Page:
New Delhi, Feb. 1: The BJP seems open to the idea of projecting Bal Thackeray’s son and heir Uddhav as the chief ministerial candidate in the Maharashtra Assembly elections due in 2004.
Uddhav, who was anointed the Shiv Sena’s working president by his father earlier in the week, was described by Maharashtra BJP sources as the “ideal CM candidate”.
Apart from being a new face, Uddhav was “more likely to appreciate the compulsions and responsibilities of governance, unlike his father who seemed to be in government and Opposition at the same time”, BJP sources said.
Former Sena chief ministers Manohar Joshi and later Narayan Rane were appointed by Thackeray for the five years the alliance ruled Maharashtra and gave the impression of being little more than his proxies.
Uddhav’s equation with Thackeray was bound to be different and this “difference would give him the confidence to think and govern independently”, they added.
BJP sources said they were determined to hold on to the alliance with the Sena because of its well-entrenched base in the coastal region and in and around Mumbai.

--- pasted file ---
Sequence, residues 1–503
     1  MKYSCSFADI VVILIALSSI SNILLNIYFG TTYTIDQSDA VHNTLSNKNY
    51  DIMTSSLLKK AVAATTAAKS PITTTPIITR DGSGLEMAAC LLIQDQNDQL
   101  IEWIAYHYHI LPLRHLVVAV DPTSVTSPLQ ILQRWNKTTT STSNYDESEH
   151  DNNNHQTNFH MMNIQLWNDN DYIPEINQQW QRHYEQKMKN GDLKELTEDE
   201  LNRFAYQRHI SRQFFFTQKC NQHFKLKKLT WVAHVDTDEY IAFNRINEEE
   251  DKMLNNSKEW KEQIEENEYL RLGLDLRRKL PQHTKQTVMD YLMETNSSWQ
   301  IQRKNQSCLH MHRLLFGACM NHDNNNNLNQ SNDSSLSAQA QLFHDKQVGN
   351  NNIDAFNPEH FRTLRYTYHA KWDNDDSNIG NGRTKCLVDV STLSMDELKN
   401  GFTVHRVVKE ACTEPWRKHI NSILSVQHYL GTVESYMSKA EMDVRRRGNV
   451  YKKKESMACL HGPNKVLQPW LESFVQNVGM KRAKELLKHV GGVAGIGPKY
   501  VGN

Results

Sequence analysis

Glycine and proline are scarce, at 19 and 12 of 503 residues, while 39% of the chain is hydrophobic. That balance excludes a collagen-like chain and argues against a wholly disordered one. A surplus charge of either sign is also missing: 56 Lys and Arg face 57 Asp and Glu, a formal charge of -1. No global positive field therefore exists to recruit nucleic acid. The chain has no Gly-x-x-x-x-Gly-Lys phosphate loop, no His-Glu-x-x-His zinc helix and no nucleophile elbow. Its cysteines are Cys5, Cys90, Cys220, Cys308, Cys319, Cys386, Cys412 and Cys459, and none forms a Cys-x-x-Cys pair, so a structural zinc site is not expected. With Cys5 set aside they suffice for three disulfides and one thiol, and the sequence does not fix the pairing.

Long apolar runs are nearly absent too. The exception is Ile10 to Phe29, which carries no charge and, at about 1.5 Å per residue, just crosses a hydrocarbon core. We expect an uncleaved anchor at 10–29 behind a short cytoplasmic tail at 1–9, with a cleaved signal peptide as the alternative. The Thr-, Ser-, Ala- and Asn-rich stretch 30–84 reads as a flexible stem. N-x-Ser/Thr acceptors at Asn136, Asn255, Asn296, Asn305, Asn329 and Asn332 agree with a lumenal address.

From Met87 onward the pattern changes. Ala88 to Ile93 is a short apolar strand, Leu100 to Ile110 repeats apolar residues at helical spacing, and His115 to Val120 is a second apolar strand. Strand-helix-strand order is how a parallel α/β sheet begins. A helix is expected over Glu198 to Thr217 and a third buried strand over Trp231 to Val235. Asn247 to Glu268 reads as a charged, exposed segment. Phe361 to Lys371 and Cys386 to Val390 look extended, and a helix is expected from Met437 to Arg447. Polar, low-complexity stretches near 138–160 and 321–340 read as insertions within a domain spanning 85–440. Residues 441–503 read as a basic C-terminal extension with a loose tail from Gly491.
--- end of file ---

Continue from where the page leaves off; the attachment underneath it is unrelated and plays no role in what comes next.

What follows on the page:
“In the Sena strongholds, it is much stronger than the BJP is on its turf,” admitted the sources.
In elections that the alliance fought jointly, the BJP was content to ride piggyback on the Sena and agreed to contest fewer seats and even have a Sena man as the chief minister when the government was formed in 1995.
Although a section of the Maharashtra BJP wanted to have the former deputy chief minister and now party vice-president Gopinath Munde as the chief minister, it was more or less ruled out in favour of one from the Sena.
The central command also felt that with the Congress and the Nationalist Congress Party showing signs of forging an alliance — the appointment of Sushil Shinde as the chief minister was seen by the BJP as a pointer because Shinde is NCP chief Sharad Pawar’s protégé — the BJP and the Sena should stick together to put up a fight.
The BJP-Sena alliance hit a rough patch after Gujarat chief minister Narendra Modi addressed a public meeting in Mumbai’s Shivaji Park — Thackeray’s political turf — and was described as the “Hindu hriday ka samrat” (the monarch of Hindu hearts). This honorific was used in Maharashtra exclusively for Thackeray and the reference to Modi reportedly annoyed him.
The BJP has, therefore, decided to desist from labelling Modi the same way as Thackeray in Maharashtra and also restrict his presence in future campaigns to big cities like Nagpur and Ahmednagar